The compiled binary is then run under dmtcp_launch, and without AFL attached. Without the fuzzer, the binary runs normally as if there was no instrumentation. We then call dmtcp_checkpoint to checkpoint the binary.

We restart the checkpointed binary under AFL-fuzz, using dmtcp_restart. dmtcp_restart includes a plugin that resets the forkserver state, and attempts to re-initialize the fork-server.

Next, our restarted binary operates as if DMTCP isn’t there. The logging and coverage information is sent back to AFL from the restarted binary, as if it were running normally without any restart.

This shows that the restarted application can run successfully under dmtcp_restart with AFL attached. This opens up many possibilities, including the example of the next section.

3.2 Example: Three plugins to monitor the system under test

Here, we propose how three custom plugins can be created for monitoring a specific system under test. These plugins checkpoint the application, analyze it, and reset the restarted application.

We first describe a plugin for checkpointing. As we have described in the DMTCP plugin architecture of Section 2.2. We can checkpoint the application according to a predefined pattern, and we can express that pattern in the context of a DMTCP plugin. For example, consider an application with a pattern of initializing itself with 5 calls to read() which are known to contain no bugs. By checkpointing after the first 5 reads, this eliminates this overhead. This does not require modifying the original binary, so it can even be used with dumb-fuzzing mode (no instrumentation).

We next describe an analysis plugin. An analysis plugin is would hook a variety of system and library calls to determine when a the program produces a previously unseen execution pattern. The plugin can then checkpoint at each function call, providing a new system state from which to begin fuzzing from.

Last, we describe a reset plugin. A reset plugin is a plugin used to reset the AFL forkserver, and resets any resources (such as file descriptors or network connections) that are needed at the time of attaching AFL to the restarted process.

3.3 Implications: a distributed fuzzer tree

Here, we describe how the DMTCP plugins can potentially be used to build a distributed fuzzer tree. First we start fuzzing with a random input seed. Then on each newly discovered pattern of library/system calls, we create a checkpoint using the checkpoint plugin. Each checkpoint image file can be restarted and fuzzed independently. Each checkpoint image represents a distinct node in an “execution state tree”.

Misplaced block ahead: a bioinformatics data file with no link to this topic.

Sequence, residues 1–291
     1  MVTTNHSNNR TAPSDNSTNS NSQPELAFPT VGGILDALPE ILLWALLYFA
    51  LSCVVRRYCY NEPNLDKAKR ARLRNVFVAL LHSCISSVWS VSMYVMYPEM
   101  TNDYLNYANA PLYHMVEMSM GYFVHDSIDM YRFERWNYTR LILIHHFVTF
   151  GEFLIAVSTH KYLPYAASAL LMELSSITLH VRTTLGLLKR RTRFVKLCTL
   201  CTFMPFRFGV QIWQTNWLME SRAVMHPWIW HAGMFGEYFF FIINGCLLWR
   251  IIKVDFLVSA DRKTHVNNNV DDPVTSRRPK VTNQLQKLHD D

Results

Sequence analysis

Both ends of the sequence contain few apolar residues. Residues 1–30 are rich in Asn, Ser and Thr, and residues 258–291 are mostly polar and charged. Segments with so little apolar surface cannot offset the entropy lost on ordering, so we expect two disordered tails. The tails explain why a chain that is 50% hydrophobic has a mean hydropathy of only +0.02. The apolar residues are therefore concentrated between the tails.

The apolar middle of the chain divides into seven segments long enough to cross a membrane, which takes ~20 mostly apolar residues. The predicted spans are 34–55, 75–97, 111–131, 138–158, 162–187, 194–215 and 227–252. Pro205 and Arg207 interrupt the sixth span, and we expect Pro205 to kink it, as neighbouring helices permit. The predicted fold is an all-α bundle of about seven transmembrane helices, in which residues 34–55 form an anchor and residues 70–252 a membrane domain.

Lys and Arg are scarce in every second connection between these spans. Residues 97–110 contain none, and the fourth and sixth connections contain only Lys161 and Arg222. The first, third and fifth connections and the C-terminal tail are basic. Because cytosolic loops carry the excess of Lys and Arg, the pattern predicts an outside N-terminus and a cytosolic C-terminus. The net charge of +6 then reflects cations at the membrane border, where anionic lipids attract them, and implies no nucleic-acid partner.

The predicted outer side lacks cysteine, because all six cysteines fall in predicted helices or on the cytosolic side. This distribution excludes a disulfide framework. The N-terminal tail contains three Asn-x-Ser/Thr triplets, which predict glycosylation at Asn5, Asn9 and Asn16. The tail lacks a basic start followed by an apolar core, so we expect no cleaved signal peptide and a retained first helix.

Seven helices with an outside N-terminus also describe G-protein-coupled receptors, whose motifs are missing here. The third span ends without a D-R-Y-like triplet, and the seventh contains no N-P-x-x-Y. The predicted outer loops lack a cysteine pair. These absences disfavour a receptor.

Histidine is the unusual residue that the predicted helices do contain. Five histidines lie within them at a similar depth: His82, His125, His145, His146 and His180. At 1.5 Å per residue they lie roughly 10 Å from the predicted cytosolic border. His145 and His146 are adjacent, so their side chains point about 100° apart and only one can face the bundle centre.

We continue to take checkpoints based on newly detected patterns, using the analysis and checkpoint plugins. And each time we restart, the reset plugin resets the forkserver code in the binary to the appropriate state.

Importantly, since DMTCP can transparently virtualize resources (such as file descriptors and network sessions), fuzzing campaign developers needn’t worry about writing custom code to handle those cached resources. This would make automated execution state exploration significantly easier.

4 Related work

AFL-QEMU [9] is an extension of the original AFL fuzzer [11] to do black-box fuzzing of closed-source binaries. It runs QEMU in user-mode to minimize the overhead of running an application over a virtual machine. User-mode QEMU just emulates a CPU and translates all the system calls to the native OS syscalls and avoids the overhead of emulating all the h/w resources and a full kernel. QEMU has built-in support to take a snapshot of the complete virtualized machine, and restore it later in time. Even after using QEMU with user-mode, it has significantly higher overhead than a native execution of the target program.

Another work employs LLVM-based instrumentation so that AFL-fuzz provides compiler-based instrumentation for compiling it into assembly [7]. This helps optimize the code that is used at runtime. It also makes the instrumentation CPU-independent.

For our purposes, the most interesting application of LLVM-based AFL-fuzz is that we can attach AFL after AFL-init. This helps in resetting the forkserver, and running from there on.

Another approach to improving fuzzing is to use in-memory checkpoints [8]. The fuzz time is improved by taking a snapshot of the process and replicating it, instead of calling fork. This is similar to a checkpoint in terms of reading the complete memory and saving it, but it does it in RAM instead of saving to secondary storage. This improves the fuzz time of the application.

5 Conclusion

As described in the paper, one can easily checkpoint and restart an application after some initialization setup and still dependably execute library and system calls with virtualized resources. The software architecture presented here would improve the performance of the fuzzer by some constant, whose magnitude is to be determined in a future implementation. Also, it was shown that DMTCP’s plugin architecture can help extend coverage capabilities of fuzzer, and thus help improve the code coverage or state exploration, while decreasing the overall execution time. DMTCP’s distributed architecture can also allow us to extend this approach to distributed fuzzers in future work.

Hence, the new architecture provides a simple, yet powerful tool, which can transparently apply checkpoint fuzzing to target applications, once those applications have been compiled using afl-gcc.